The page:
Remote Startup: Part 2 - Policy & Tools
In Part 1, we walked through the legalities and logistics to set you up as a remote based company. In this article, we'll look at how you can crystallise all those decisions in a clear remote working policy for your team. Whether you’re shifting gears to become remote or starting from scratch, it’s vital to provide clarity to your employees on your rules and expectations.
By now, you should already have a clear stance on the following questions:
- Who can work remotely
- Expectations of working hours
- Acceptable communication channels
- Best practices to follow
- Security requirements
- Technical support options
- Guidelines to set up work environments
- Legal rights of remote employees
- How to measure productivity
To ensure everyone is onboard with your company’s ways of working, document these answers in a policy which can be shared, referenced and discussed.
How to write a remote working policy
To help you get started, we’ve mapped out the most important sections you’ll need to include when crafting an exhaustive and clear policy:
This section explains why the company is adopting the policy, for how long (some companies might decide to test it only for a limited time), and who it applies to.
Here you can outline expectations of working hours, location (which could be an office or an entire country for example), legal and other general terms.
Tools + Support
If you are providing a laptop, a VPN, a phone or a reimbursement for their internet connection, give any relevant details here. This is also the place for IT support information and any other type of support (legal, HR, admin, etc.) they might require.
This involves both the security of your employees’ physical offices (such as code to open doors, swipe pass required, etc.) and the cybersecurity protocol they should follow to keep company data and infrastructure protected.
Clarify the frequency in which employees should communicate, the lines of comms and the channels they should use — i.e. they should be available to respond within two hours to Slack messages and check in with their line manager at least once a day.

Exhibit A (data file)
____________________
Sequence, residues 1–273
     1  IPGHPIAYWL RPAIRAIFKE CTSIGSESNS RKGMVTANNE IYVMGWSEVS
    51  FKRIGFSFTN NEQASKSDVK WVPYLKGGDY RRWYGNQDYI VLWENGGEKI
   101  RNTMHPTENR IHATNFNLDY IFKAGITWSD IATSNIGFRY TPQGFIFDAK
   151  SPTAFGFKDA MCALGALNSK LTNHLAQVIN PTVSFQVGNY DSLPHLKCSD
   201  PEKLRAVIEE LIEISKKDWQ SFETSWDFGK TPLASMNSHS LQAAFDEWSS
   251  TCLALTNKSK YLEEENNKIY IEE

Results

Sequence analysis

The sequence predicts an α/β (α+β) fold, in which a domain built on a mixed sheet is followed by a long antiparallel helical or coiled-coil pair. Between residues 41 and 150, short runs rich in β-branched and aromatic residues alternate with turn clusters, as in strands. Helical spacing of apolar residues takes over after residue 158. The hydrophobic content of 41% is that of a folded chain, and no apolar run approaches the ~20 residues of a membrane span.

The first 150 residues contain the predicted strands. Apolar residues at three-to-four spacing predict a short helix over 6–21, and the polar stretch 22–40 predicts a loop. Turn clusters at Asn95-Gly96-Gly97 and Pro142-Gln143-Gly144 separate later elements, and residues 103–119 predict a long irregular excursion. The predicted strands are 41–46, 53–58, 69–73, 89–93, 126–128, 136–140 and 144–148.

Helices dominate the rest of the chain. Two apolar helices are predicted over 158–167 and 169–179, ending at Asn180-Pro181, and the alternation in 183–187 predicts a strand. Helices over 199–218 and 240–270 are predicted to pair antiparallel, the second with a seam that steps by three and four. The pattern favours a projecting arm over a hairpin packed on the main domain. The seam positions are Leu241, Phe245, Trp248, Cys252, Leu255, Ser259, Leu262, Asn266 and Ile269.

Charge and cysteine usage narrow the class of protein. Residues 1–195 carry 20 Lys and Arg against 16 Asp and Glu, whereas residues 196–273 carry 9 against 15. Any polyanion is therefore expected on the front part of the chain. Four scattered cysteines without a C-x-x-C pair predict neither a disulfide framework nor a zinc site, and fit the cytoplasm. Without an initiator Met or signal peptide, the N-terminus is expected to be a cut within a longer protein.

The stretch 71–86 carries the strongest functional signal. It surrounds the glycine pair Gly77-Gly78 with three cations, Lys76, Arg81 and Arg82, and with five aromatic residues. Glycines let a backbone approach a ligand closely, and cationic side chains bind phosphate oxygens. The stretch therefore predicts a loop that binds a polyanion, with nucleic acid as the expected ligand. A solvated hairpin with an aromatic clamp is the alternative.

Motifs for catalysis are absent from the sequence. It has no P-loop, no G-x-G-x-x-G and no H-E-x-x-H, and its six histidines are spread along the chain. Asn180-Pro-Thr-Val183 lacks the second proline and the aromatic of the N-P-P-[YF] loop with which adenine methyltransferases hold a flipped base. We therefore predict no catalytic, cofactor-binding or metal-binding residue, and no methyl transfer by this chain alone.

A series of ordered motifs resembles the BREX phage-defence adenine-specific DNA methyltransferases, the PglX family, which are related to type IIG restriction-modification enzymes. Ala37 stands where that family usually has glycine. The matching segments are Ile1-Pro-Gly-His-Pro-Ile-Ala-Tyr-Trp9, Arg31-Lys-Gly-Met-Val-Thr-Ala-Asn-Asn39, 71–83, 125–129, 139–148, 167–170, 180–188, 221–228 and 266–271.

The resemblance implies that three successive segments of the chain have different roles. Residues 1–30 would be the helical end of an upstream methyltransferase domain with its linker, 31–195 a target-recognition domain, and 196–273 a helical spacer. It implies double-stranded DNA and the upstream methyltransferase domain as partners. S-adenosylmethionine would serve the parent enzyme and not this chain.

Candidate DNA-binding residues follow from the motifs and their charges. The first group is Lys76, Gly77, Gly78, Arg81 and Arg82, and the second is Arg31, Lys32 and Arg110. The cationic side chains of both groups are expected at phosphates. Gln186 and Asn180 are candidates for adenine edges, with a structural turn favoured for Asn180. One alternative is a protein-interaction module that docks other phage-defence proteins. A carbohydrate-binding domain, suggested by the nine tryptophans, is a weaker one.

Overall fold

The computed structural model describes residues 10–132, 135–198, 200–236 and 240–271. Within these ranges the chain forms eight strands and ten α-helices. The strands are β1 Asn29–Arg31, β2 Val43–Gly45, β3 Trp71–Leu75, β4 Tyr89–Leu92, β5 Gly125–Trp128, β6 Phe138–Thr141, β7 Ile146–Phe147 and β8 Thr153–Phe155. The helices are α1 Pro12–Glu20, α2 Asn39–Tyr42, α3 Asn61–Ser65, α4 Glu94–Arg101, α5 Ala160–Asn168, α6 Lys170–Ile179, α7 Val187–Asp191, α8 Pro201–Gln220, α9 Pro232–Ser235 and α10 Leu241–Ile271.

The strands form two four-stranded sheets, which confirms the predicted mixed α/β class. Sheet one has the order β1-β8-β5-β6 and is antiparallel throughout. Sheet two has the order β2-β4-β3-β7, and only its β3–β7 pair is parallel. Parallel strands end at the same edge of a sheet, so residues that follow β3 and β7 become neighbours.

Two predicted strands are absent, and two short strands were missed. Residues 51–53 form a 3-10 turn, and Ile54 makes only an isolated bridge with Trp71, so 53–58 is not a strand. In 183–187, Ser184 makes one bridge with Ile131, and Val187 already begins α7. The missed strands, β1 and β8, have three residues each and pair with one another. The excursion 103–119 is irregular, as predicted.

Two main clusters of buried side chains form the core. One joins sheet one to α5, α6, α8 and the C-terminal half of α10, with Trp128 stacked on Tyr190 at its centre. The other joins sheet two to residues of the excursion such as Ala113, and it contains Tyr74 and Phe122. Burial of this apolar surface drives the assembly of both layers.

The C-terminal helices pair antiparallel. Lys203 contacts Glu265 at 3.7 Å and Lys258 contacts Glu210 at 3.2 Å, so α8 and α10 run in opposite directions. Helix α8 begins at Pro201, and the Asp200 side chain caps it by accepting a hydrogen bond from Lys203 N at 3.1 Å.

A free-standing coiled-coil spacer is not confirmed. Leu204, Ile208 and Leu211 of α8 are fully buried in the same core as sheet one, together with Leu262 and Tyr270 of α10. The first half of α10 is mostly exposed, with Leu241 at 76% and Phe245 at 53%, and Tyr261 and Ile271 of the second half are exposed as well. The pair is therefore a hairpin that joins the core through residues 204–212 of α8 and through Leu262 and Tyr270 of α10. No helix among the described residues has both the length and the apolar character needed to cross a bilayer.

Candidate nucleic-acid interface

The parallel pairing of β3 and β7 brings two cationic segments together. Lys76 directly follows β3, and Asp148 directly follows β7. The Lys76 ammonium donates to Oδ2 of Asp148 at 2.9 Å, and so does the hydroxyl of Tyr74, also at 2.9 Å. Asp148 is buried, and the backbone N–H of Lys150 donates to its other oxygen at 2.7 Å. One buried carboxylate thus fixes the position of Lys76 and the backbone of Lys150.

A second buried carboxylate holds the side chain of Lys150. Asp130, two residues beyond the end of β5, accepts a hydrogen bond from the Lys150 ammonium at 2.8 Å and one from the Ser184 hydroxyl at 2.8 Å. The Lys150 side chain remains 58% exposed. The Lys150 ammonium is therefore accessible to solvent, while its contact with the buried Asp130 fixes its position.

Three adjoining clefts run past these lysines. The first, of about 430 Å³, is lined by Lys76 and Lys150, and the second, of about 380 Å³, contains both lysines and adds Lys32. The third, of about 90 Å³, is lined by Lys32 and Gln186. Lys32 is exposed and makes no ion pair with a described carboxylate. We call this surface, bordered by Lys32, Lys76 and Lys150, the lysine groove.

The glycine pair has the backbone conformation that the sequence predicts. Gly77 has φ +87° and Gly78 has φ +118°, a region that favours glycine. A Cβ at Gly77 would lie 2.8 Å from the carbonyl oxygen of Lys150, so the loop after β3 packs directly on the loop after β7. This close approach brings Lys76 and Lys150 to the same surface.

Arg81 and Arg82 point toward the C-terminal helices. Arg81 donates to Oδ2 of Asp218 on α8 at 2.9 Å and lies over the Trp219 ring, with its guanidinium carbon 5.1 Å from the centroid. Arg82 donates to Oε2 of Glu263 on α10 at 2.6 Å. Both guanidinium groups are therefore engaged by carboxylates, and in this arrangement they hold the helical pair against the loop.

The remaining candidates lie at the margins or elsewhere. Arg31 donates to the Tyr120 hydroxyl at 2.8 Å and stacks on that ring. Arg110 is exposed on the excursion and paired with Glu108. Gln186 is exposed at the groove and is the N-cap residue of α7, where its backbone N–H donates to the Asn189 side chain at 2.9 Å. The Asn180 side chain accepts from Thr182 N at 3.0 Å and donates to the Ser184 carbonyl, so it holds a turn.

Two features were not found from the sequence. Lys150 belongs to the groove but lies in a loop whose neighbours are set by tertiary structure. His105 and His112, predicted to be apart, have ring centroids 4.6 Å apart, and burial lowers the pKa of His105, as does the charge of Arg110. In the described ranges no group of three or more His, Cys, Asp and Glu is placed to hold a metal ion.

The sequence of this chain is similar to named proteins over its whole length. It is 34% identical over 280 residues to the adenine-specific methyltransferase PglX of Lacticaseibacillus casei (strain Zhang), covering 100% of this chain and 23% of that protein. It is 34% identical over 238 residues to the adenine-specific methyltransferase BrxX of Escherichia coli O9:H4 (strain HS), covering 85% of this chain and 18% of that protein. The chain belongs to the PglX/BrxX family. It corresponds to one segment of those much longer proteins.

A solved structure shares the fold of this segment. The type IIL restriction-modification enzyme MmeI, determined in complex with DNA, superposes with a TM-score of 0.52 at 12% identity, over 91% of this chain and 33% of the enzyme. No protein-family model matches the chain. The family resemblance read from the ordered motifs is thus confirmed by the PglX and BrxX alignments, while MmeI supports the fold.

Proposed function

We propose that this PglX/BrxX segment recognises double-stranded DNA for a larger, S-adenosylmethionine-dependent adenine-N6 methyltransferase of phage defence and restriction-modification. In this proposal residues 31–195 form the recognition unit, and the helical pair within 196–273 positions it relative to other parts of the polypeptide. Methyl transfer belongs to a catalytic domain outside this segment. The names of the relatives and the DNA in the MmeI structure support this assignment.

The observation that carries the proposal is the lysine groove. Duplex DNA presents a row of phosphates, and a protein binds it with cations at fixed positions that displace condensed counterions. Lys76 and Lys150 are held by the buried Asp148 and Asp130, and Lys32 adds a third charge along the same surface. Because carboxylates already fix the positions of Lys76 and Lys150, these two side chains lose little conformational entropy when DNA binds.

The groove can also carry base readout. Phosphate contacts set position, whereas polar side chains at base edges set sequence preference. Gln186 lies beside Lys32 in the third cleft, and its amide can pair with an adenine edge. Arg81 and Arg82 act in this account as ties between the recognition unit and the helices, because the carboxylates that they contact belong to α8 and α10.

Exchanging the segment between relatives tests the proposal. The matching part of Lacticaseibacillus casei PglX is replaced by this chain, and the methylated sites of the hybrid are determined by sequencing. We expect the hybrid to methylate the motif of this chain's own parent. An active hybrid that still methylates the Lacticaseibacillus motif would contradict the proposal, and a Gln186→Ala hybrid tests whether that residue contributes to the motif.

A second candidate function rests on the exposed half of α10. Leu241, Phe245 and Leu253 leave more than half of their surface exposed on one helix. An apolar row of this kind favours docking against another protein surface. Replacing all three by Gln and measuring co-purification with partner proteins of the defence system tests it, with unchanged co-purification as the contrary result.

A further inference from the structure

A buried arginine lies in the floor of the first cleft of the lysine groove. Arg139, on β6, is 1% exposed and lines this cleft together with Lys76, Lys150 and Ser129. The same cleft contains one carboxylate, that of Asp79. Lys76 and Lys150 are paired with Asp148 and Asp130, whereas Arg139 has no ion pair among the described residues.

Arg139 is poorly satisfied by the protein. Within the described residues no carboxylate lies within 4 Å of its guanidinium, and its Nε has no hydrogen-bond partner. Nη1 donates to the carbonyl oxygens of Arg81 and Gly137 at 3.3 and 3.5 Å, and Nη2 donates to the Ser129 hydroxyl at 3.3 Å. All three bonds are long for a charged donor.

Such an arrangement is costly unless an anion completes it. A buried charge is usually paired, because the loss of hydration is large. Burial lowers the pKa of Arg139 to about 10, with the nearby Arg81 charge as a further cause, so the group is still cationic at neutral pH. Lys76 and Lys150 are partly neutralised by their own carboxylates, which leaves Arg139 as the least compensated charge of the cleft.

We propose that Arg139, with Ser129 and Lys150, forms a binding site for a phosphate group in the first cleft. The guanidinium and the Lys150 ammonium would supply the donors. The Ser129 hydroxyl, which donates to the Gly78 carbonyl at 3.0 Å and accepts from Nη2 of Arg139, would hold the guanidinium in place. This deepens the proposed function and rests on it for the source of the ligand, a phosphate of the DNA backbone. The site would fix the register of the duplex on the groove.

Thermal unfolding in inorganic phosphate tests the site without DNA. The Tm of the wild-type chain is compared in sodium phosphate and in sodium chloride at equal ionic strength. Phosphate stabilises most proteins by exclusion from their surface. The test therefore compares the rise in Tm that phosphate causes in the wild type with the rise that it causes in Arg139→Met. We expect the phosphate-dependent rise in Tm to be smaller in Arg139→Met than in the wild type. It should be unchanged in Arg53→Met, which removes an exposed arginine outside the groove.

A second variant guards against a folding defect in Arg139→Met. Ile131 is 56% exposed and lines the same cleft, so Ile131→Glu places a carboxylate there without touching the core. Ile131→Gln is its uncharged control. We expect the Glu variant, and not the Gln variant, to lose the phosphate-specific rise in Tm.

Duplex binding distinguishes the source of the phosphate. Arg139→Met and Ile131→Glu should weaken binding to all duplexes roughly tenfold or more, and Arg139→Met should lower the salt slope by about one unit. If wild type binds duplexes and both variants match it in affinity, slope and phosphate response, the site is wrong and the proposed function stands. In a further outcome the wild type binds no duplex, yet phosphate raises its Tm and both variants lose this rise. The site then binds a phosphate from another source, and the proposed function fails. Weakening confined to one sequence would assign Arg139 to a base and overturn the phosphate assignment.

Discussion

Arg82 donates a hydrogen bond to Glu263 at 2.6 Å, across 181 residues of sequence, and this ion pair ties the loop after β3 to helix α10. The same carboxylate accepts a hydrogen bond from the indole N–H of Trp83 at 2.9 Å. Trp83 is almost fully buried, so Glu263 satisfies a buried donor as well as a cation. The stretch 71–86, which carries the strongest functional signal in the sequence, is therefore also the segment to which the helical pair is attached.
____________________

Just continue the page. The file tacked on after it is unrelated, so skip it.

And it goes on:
All expectations around meeting attendance and etiquette should be clearly outlined in the policy. Employees should also know the process to follow in case they can’t attend a meeting: who to notify, using what channel, latest acceptable notice, etc.
At the end of the document, don’t forget to link to any other relevant policy: Social Media, HR, Leave, Reimbursement, etc.
Frequently asked questions
It may be helpful to include answers to common questions that may come up. Here’s 20 to get you started:
- Where can I find the Remote Working policy?
- What does ‘remote’ working mean at [company name]?
- Who can work remotely?
- Do I need approval to work remotely?
- Can I work from anywhere in the world?
- Do I need to inform HR if I am travelling?
- Will my salary change if I move further away from one of our existing city locations?
- Can I work from anywhere in the world?
- What are the expectations to meet my team?
- What if I want to go into the office?
- Can I work from a co-working space?
- How important is it that people in leadership positions visit the teams in person?
- Is there a minimum expectation to meet my team in person?
- Will [company] pay for my “work from home” set up?
- What if my internet is not reliable?
- Will we target specific locations with our hiring strategy?
- Is there a risk that we’ll hire employees who choose to have the minimum in-person time, that do not “pull their weight”?
- Are there plans to change our existing office space to reflect these changes?
- Am I expected to be online and available all the time?
- How can I share feedback about the policy?
Sharing this with your team
Your remote working policy should be easily accessible to all your team members.
If you’re using a HR system, make sure to upload these documents on it. Remember to include the version number or the date of last edit to keep track if you’ll need to make updates further down the line.
We’ve converted the above into Notion pages to help get you started. Access them here:
While we’re on the topic of tools, we’ve handpicked a few of our favourites for remote based teams.
So far, you’ve sorted out the legal and logistical aspects of your remote company and have documented it in a clear policy for your staff. Part 3 of this playbook goes through the ideas, considerations and resources for building thriving remote teams.